“Huntington’s Disease: To Test or Not to Test?
What happens to a person with Huntington’s disease?
Triggered by a changed gene, Huntington’s disease is a rare condition that causes rapid, jerky body movements. It also leads to a loss of mental skills, such as memory and problem solving. A blood test can show whether you inherited the changed gene. Some people don’t want to know they have the gene; for others, knowing helps them plan. Like all genetic tests, the decision to test for Huntington’s disease is personal.
How Huntington’s disease works?
The gene that causes Huntington’s disease is called huntingtin. It resides on chromosome 4. If an affected father has two copies of the huntingtin gene (one from each parent), then at least one of the following is true: his child will likely develop the disease; or his child has a 50 percent chance of developing Huntington’s disease, and a 50 percent chance of not having it. Parents don’t have to be affected by the condition to pass it on, but if they are, their children have a greater risk than others do.
What does Huntington’s disease do to the brain?
Scientists initially thought that this gene might stimulate an abnormal brain development process, which leads to Huntington’s disease. However, more research has shown that a faulty gene causes the change. Once this gene becomes defective, it begins to produce a toxic protein, called mutant huntingtin. “Toxic” means the protein is harmful to the nerve cells of the brain. Mutant huntingtin affects neurons in an area called the basal ganglia, which plays a role in movement and learning. This abnormal process may also destroy healthy genes.
Who is at high risk for Huntington’s disease?
If you have an affected parent or sibling with Huntington’s disease, your chance of having Huntington’s disease is 50 percent if you inherit the changed gene from either parent (or both). If no one in your family has the disease, you have about a 2 to 4 percent chance of developing it.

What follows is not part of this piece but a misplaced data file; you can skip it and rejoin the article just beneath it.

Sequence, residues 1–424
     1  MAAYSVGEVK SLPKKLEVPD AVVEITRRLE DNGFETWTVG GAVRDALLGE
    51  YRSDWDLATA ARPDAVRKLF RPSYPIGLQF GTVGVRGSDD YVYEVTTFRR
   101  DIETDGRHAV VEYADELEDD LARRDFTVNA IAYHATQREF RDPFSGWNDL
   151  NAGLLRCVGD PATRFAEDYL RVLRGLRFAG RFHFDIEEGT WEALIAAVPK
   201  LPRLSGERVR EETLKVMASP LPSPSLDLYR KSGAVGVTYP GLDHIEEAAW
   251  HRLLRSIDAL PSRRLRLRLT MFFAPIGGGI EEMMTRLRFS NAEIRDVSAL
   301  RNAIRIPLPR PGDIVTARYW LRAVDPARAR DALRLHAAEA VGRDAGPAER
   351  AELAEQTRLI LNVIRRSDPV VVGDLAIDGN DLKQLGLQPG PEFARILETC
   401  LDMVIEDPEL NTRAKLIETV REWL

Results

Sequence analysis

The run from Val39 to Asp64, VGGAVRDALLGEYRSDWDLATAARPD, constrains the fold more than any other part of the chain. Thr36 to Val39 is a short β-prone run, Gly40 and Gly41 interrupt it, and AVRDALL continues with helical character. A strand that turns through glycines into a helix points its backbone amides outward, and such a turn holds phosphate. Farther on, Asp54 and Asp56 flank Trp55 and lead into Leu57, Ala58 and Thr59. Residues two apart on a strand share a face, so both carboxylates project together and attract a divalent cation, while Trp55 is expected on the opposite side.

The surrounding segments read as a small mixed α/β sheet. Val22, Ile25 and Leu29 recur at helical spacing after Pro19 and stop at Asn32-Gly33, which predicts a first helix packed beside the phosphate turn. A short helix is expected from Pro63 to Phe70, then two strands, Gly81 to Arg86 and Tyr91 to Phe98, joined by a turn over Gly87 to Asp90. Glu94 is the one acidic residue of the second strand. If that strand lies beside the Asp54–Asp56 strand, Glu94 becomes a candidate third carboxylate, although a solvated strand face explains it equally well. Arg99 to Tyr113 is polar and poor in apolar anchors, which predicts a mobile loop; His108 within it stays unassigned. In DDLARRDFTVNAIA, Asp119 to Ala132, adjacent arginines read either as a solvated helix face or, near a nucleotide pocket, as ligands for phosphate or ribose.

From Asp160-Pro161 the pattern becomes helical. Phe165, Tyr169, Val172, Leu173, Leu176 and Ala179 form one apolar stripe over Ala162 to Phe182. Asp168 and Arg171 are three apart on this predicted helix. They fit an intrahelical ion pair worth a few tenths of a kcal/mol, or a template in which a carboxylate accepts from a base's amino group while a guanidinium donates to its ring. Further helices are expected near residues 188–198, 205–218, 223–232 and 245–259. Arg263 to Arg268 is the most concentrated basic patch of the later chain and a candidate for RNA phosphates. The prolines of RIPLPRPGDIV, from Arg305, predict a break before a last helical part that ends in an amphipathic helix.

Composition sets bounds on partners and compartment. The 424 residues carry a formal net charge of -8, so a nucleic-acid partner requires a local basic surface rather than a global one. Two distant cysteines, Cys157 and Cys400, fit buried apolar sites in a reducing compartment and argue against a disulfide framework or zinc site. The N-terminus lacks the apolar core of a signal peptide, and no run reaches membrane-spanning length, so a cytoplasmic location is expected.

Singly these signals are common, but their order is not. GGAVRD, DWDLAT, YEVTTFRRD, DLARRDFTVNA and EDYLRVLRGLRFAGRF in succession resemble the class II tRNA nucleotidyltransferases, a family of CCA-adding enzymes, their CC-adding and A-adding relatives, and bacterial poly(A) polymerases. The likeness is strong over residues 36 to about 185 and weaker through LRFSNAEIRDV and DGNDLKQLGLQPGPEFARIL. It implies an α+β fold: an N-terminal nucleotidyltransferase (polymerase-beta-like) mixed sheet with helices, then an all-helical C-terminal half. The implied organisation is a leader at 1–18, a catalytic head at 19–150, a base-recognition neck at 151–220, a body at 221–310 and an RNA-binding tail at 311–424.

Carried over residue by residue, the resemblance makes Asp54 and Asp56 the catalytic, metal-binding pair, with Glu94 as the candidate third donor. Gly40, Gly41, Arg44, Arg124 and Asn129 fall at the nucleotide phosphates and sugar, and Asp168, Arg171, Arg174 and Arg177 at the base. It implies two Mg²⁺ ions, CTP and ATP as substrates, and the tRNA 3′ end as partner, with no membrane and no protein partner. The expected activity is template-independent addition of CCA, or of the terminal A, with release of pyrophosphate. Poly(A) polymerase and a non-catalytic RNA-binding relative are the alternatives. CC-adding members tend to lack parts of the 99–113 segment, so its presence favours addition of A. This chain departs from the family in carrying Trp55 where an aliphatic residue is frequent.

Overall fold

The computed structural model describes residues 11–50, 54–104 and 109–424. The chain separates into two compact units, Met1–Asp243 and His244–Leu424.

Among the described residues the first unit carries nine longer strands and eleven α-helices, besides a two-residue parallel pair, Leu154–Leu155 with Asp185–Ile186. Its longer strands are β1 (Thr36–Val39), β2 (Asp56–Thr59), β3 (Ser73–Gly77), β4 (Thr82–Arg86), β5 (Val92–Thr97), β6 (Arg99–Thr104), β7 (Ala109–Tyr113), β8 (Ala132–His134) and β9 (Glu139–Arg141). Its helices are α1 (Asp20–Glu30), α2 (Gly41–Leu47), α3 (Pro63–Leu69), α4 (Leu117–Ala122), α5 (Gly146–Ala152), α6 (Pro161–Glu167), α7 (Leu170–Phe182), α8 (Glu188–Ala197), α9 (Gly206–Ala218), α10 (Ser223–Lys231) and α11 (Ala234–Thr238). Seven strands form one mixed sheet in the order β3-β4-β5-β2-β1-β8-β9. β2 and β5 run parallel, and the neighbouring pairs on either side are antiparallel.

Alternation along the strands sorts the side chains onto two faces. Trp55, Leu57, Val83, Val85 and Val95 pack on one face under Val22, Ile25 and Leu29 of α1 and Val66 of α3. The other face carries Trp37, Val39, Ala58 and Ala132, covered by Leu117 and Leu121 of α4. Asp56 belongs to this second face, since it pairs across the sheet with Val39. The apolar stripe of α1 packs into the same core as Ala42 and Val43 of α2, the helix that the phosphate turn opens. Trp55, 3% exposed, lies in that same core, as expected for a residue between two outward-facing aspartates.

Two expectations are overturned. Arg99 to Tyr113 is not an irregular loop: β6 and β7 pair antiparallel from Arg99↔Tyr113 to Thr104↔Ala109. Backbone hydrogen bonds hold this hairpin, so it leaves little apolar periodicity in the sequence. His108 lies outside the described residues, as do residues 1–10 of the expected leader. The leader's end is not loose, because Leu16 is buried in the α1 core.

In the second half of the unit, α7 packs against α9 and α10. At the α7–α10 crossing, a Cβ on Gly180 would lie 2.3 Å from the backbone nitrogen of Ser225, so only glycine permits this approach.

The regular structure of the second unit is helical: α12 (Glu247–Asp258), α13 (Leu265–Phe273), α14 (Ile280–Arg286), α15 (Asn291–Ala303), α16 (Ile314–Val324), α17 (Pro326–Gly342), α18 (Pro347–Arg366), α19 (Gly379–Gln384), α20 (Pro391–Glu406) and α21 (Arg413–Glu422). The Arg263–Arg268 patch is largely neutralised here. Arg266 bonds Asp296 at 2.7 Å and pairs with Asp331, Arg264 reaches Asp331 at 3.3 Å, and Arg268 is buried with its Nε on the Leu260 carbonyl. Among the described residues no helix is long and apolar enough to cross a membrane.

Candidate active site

What are Huntington’s disease symptoms?
Early symptoms of Huntington’s disease include difficulty with movement and changes in mood. For example, a person may move quickly and jerkily like he or she is dancing, or seem depressed and irritable. Changes in personality are also common, such as becoming forgetful or more aggressive than usual. As the disease progresses, physical abilities decline and mental skills are lost. A lack of coordination in muscles used for walking (such as those in the legs) causes many people to quit using their legs, but some keep them active with support devices such as walkers or canes. The mind becomes clouded and affects a person’s ability to reason and solve problems.
What treatments are used for Huntington’s disease?
As with any disease, the earlier it can be diagnosed and treated, the better. Unfortunately, there is not yet a cure for Huntington’s disease. Current treatments focus on managing symptoms and complications such as depression in early stages of the disease. Some medications help increase a person’s mood and improve energy levels; others reduce tremors (shaking) or uncontrolled movements (dystonia). In later stages of the illness, medications can help control behavior disturbances, weight loss, seizures, and other problems that interfere with daily life.”
How is Huntington’s disease diagnosed? Should I be tested for Huntington’s disease? Learn here all about Huntington’s Disease Genetic Test